# Integral argument to a polynomial identity

One can show that

$$\frac{(X^{15} - 1)(X-1)}{(X^5-1)(X^3-1)} = P^2 + 15 Q^2$$ with $P,Q\in\mathbf{Z}\left[\frac{1}{2}\right][X]$, by simply grouping terms etc. Is it possible to show that such an identity exists by arguments involving $\mathbf{Z}\left[\sqrt{15}\right]$ or other rings over the latter ?

• This is impossible in $\mathbb{Z}[1/2]$. It took me 3 hours to get me no were. – Aqua Nov 4 '17 at 19:14

Nice question! The LHS clearly is the cyclotomic polynomial $\Phi_{15}(x)$, and by considering its factorization over the ring of integers of $\mathbb{Z}[\sqrt{5}]$ we have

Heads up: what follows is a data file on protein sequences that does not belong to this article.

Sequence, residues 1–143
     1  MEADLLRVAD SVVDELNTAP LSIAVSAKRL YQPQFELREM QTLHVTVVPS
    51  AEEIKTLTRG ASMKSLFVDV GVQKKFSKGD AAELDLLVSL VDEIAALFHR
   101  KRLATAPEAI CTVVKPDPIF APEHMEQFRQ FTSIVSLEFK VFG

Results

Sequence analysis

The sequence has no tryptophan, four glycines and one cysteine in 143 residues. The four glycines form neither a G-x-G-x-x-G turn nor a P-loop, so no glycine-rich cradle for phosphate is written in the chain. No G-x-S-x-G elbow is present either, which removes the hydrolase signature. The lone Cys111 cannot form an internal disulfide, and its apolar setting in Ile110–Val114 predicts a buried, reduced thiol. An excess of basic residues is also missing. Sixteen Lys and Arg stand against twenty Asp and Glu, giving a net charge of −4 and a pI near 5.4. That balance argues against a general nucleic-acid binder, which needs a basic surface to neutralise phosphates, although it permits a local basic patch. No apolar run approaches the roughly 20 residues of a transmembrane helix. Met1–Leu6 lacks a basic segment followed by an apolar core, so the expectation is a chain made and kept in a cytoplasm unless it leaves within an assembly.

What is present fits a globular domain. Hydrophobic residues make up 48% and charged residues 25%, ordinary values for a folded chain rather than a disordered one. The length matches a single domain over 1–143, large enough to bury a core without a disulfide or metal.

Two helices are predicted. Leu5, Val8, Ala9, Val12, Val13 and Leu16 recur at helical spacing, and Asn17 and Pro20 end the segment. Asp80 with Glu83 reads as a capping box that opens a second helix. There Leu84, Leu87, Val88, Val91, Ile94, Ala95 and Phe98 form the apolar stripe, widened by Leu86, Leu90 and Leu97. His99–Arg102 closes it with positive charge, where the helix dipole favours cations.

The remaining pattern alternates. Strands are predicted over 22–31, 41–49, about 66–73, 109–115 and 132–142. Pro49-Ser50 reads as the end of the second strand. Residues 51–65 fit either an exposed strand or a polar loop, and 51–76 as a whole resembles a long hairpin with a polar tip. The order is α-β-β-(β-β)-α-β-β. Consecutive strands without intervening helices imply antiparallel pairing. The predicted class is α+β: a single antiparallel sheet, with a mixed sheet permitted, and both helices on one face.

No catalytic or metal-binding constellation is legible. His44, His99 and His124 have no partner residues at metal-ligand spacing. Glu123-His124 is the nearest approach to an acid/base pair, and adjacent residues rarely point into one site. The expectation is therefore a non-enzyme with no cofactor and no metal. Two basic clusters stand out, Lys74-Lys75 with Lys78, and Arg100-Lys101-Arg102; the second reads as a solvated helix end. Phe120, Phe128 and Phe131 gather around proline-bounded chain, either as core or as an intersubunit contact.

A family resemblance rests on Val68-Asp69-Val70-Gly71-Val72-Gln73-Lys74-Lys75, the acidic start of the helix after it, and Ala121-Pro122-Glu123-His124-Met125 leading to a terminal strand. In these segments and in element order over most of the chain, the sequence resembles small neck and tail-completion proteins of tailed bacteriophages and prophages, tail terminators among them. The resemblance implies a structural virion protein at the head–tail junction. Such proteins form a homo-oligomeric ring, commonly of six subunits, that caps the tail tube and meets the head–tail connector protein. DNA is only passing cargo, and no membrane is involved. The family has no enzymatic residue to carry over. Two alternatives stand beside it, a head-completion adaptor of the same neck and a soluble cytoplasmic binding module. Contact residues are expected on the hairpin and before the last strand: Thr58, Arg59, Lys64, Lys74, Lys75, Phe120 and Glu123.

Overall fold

$$\Phi_{15}(x) = \frac{1}{4}\left(2+\left(-1+\sqrt{5}\right) x+\left(1-\sqrt{5}\right) x^2+\left(-1+\sqrt{5}\right) x^3+2 x^4\right)\cdot\left(2-\left(1+\sqrt{5}\right) x-\left(-1-\sqrt{5}\right) x^2-\left(1+\sqrt{5}\right) x^3+2 x^4\right)$$ so $$\Phi_{15}(x)=\frac{1}{4}\left[(1+x+x^2)^2(2x^2-3x+2)^2-5x^2(x^2-x+1)^2\right]$$ and a similar decomposition follows from considering how $\Phi_{15}$ factors over the ring of integers of $\mathbb{Z}[\sqrt{5},\sqrt{-3}]$. One factor is namely given by $$\left(-2+2 \sqrt{-3}+\left(-1-\sqrt{-3}+ \sqrt{5}+\sqrt{-15}\right) x+4 x^2\right)$$ so the claim follows from the Brahmagupta identity.